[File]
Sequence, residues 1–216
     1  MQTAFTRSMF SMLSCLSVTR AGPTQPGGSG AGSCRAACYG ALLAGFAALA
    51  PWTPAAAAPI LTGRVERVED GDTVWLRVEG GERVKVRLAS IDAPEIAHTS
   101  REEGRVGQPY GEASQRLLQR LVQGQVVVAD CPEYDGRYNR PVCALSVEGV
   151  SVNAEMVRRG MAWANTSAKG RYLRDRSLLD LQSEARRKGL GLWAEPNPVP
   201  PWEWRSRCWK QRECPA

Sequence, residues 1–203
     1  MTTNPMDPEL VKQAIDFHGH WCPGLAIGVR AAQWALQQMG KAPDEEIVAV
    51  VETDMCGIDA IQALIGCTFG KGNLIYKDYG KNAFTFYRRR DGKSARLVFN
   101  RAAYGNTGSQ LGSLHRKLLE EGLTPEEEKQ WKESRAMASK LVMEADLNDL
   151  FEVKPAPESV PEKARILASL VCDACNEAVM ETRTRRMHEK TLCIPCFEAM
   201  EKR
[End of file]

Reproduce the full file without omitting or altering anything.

Sequence, residues 1–216
     1  MQTAFTRSMF SMLSCLSVTR AGPTQPGGSG AGSCRAACYG ALLAGFAALA
    51  PWTPAAAAPI LTGRVERVED GDTVWLRVEG GERVKVRLAS IDAPEIAHTS
   101  REEGRVGQPY GEASQRLLQR LVQGQVVVAD CPEYDGRYNR PVCALSVEGV
   151  SVNAEMVRRG MAWANTSAKG RYLRDRSLLD LQSEARRKGL GLWAEPNPVP
   201  PWEWRSRCWK QRECPA

Sequence, residues 1–203
     1  MTTNPMDPEL VKQAIDFHGH WCPGLAIGVR AAQWALQQMG KAPDEEIVAV
    51  VETDMCGIDA IQALIGCTFG KGNLIYKDYG KNAFTFYRRR DGKSARLVFN
   101  RAAYGNTGSQ LGSLHRKLLE EGLTPEEEKQ WKESRAMASK LVMEADLNDL
   151  FEVKPAPESV PEKARILASL VCDACNEAVM ETRTRRMHEK TLCIPCFEAM
   201  EKR